Linked by Thom Holwerda on Tue 27th Feb 2007 16:34 UTC, submitted by Margorie Griffith
Windows WPA2, the wireless security thing, is not available on Windows XP x64, and for the 32bit version, it is not a mandatory download. "We know Microsoft is serious about security and they don't appreciate the lack of it on Windows any more than we do, but it's things like this that make people wonder. How hard would it be to label this as a recommended download via Windows Update for all x86 users - and to roll out a version with x64 support before Windows XP x64 SP2 comes out, years from now?"
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RE[3]: Hype
by Dolphin on Tue 27th Feb 2007 22:56 UTC in reply to "RE[2]: Hype"
Member since:

"It's easy enough to download and install WPA2...."

For you, maybe. But what about those that don't know any better? Like I said in my previous comment, they expect it to just work. They did the "hard" part by picking out the hardware and installing the drivers. Isn't that enough?

On Linux, it's enough. On OS X too. But not on Windows - That's the problem.

Reply Parent Score: 1

RE[4]: Hype
by Noremacam on Tue 27th Feb 2007 22:58 in reply to "RE[3]: Hype"
Noremacam Member since:

For you, maybe. But what about those that don't know any better?

Those that don't know any better still broadcast their ssid as linksys, unencrypted, with the router password left at admin.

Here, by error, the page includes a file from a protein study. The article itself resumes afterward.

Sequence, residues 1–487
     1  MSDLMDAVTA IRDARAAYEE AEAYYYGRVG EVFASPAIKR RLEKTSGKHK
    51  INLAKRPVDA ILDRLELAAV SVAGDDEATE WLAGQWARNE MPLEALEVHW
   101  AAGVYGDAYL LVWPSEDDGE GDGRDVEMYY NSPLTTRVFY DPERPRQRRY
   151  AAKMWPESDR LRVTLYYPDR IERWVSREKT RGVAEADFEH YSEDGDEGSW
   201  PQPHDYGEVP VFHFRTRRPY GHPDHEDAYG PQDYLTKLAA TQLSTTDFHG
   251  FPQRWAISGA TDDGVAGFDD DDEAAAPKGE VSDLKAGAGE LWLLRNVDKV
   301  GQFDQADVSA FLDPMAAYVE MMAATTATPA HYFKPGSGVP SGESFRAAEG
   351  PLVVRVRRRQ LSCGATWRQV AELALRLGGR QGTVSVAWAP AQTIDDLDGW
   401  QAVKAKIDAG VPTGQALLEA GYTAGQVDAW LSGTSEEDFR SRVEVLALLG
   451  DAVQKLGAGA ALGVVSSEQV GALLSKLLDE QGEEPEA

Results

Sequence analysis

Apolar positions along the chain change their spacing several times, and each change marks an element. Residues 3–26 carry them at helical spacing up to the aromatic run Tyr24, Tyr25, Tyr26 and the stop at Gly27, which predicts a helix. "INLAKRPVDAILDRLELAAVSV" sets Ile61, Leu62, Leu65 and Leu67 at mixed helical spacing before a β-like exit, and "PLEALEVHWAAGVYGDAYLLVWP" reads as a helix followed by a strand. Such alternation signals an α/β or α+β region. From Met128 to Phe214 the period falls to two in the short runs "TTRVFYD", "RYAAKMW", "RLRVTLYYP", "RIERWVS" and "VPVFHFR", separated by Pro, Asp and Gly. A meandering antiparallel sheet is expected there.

Edited 2007-02-27 22:59

Reply Parent Score: 1

RE[5]: Hype
by ormandj on Tue 27th Feb 2007 23:10 in reply to "RE[4]: Hype"
ormandj Member since:

So, by your post, you are implying that it's "OK" for MS to screw around with an essential security feature, leaving it (by default) unavailable to users, simply because some users are ignorant?

Here's a clue, if WPA2 was (by default) installed on Windows machines, *maybe* the router makers would have incentive to start using something beyond WEP/WPA1. Right now, it would be suicide.

So yes, let's blame ignorant users for not setting up their routers properly, I have no arguments against that. The router makers are just as guilty about not *forcing* more secure installations at a minimum, but they do it for marketing/sales reasons, I can also understand this.

MS has *no* reason not to include WPA2 by default (unless it's buggy as heck, but that applies to just about every Windows release...) They're just making users who want to try and use better secured wireless encryption standards have to jump through hoops. It's a poor decision, and it frustrates me to no end that something as short-sighted as this would be done, *especially* with no conceivable reason as to why. If you've got one, by all means, do explain.

Reply Parent Score: 2